Paul Coates — Confidential File, January 30, 1959


Crackdown Hits Death Ballads

Stop that dancing up there. And sit down a minute. I want to talk to you.

I suppose you know that most of this town’s top disc jockeys have —
either by choice or station edict — banned a new release called "The
Ballad of Barbara Graham.

If you didn’t know, I’m telling you now. The record’s subject matter, they say, is too hot. Too controversial.

It’s such a sizzling "political" issue that in the space of a week, KFWB has jerked it off the air, KDAY has gone out of its way to inform listeners that the record is banned, and KMPC program director Bob Forward has warned his disc jockey staff by memo:

"There are several new recordings on the market which appear to be out-and-out propaganda against capital punishment.

"The decision as to whether to be for or against capital punishment is
one that will be made by station management and will be plainly stated
in an editorial campaign.

"I am referring specifically to ‘The Ballad of Barbara Graham’ and ‘The
Last Mile.’ Please do not play these or any other similar records
without first discussing it with me personally."

Now, hold on a minute, boys. I’ve heard this ballad about Barbara
Graham. But the only controversy I can work up with myself is whether
it’s music.

But that’s something I could question about a lot of the stuff passed off as "hit" material.

The Graham piece- if you’ll excuse my close scrutiny- has a melody
which sounds suspiciously like the tune I used to sing "Sweet Rosy O’Grady" to, years ago.

I quote, in B-flat:

"Poor Bar-bar-a Gra-ham was wild and couldn’t be tied.

"But could she com-mit mur-der? And should she real-ly have died!"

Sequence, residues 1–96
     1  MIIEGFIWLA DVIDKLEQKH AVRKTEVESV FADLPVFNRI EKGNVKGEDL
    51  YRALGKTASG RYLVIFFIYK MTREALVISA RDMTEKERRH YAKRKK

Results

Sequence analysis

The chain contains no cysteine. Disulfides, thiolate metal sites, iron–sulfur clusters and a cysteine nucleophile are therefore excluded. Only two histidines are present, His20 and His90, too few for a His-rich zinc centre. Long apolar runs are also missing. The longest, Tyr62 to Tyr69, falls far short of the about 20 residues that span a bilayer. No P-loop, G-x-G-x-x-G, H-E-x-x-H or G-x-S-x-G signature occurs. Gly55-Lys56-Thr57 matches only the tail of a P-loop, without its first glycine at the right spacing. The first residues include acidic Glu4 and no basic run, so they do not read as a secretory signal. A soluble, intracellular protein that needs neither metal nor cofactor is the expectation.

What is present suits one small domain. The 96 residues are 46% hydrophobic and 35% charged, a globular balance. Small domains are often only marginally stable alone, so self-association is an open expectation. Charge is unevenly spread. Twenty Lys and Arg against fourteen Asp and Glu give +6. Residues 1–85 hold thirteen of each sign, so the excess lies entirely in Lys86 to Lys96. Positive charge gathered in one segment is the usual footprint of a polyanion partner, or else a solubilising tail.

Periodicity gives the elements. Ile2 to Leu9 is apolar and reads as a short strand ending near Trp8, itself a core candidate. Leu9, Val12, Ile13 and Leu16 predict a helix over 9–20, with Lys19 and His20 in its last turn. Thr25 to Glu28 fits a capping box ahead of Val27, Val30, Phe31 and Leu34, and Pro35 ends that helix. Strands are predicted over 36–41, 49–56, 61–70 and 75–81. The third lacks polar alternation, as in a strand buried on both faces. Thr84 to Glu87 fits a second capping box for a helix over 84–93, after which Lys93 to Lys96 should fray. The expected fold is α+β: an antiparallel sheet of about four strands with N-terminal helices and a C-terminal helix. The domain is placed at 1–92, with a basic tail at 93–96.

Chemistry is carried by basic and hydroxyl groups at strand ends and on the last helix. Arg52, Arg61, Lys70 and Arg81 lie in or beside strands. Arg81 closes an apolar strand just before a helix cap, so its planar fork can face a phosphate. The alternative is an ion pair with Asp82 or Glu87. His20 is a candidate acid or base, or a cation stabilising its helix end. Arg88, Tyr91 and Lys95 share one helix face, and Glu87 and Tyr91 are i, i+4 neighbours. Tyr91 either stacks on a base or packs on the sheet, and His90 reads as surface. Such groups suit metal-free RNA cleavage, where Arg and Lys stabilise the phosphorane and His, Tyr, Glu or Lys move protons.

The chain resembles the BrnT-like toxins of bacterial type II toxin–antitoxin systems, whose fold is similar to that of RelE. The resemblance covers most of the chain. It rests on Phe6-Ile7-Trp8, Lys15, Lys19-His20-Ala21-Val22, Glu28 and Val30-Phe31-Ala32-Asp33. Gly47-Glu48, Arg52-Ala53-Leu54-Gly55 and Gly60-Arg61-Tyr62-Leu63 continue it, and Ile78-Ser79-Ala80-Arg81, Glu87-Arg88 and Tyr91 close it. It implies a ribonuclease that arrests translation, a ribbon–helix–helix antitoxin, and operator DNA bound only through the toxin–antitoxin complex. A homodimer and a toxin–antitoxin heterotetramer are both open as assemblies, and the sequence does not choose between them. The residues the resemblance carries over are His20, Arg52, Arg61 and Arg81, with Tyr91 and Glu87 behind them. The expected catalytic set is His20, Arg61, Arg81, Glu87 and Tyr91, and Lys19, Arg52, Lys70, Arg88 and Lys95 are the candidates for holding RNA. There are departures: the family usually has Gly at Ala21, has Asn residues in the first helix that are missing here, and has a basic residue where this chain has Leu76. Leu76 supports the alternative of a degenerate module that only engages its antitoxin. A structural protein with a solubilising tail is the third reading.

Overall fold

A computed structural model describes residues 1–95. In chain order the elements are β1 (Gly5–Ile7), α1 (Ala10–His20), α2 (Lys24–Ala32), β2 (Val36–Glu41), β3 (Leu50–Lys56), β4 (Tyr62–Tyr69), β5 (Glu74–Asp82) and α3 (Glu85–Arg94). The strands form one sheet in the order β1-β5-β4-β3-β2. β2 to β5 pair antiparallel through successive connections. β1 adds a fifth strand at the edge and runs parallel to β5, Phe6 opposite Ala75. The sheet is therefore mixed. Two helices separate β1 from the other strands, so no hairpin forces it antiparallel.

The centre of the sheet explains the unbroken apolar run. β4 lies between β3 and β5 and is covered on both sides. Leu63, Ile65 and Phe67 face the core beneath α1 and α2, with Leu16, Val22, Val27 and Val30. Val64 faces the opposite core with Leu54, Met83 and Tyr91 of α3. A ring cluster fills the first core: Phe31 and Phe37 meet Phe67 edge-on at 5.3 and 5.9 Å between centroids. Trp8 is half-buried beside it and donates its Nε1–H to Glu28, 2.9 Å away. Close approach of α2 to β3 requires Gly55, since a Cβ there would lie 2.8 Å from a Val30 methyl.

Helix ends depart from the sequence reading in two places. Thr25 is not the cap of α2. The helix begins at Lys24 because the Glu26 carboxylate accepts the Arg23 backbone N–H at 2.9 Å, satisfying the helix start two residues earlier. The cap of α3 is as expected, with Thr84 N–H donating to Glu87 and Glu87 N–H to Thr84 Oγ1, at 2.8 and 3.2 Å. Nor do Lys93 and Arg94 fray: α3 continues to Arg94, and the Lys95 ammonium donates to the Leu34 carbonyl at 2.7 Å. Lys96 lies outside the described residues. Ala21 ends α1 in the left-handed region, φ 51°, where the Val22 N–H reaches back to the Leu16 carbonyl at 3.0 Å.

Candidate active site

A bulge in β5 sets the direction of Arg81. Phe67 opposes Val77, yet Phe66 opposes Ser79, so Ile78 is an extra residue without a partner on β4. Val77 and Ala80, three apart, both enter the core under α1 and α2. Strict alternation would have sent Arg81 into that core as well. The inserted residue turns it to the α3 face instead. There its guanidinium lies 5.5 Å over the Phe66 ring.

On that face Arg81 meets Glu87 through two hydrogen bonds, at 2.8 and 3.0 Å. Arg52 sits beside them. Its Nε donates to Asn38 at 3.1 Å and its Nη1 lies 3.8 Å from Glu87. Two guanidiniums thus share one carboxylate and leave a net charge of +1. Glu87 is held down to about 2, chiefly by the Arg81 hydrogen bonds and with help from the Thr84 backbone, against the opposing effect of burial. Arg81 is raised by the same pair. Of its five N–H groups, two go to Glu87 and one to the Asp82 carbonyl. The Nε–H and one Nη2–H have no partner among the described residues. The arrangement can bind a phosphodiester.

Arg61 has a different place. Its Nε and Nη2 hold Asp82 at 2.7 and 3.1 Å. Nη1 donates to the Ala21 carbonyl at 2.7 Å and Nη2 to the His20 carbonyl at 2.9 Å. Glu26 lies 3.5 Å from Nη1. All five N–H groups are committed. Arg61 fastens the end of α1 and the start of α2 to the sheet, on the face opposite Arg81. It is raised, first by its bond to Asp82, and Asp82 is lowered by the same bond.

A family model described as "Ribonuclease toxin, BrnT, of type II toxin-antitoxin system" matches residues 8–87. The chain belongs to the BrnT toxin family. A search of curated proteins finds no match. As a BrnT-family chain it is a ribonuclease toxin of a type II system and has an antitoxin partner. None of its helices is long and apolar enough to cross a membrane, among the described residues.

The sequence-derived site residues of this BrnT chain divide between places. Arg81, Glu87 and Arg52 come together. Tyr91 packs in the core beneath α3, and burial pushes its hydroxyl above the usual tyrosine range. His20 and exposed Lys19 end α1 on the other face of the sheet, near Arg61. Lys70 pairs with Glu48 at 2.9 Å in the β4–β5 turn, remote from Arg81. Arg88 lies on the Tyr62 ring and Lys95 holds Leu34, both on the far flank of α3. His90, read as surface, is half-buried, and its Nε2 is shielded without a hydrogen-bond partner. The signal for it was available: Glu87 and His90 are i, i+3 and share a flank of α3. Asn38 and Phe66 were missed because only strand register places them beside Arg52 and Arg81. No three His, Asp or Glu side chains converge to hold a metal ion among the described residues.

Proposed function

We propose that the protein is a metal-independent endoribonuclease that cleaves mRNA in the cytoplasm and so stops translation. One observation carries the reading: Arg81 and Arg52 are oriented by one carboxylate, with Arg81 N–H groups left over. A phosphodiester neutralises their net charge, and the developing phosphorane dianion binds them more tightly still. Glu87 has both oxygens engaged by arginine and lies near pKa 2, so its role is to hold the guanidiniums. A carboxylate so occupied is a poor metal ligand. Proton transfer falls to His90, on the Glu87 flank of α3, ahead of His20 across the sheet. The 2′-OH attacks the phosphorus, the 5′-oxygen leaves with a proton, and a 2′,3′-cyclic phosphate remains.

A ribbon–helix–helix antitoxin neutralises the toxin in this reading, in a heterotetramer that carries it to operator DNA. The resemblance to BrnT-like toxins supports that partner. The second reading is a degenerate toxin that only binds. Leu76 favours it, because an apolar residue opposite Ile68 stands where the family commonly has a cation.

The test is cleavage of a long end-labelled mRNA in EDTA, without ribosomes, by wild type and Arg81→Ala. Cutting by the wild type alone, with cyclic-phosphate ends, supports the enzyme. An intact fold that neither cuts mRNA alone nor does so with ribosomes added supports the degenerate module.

That’s about as controversial as the lyrics get. And the only question
they seem to bring up, somewhat belatedly, is whether Mrs. Graham was

And now, it’s my turn to raise an issue.

Who let Tom Dooley in? According to his defense attorneys, the Kingston
Trio, the poor boy is going to be strung up tomorrow at dawn for a
crime of passion. Any decent criminal attorney in the land could almost
guarantee to get him off on second-degree murder, at the worst.

It’s clearly and issue involving capital punishment.

Vocalist Avoids Arguments

Out of idle curiosity, I telephoned the vocalist and co-writer of
the Barbara Graham ballad last night to find out what kind of a fanatic
this town’s disc jockeys were barring from the turntables.

The young man’s name was Val Norman, and he admitted that the idea for the song came to him after he’d seen the movie.

"It had commercial possibilities," he told me.

"Do you have any views on capital punishment?" I asked.

hesitated, then answered, "Well, I have some personal opinions. But I’d
rather not get involved. Religion, subjects like that- I just don’t get
into arguments."

Still, I’m bothered. Not so much for Mr. Norman.

But because of what looks like the beginning of a trend.

just so happens that Chuy Reyes and I have been collaborating in our
spare time on a jumpy little tune called "The Cahan Decision Cha-Cha."

But I guess we better forget the whole thing. Some disc jockey is bound to call it too controversial.  

About lmharnisch

I am retired from the Los Angeles Times
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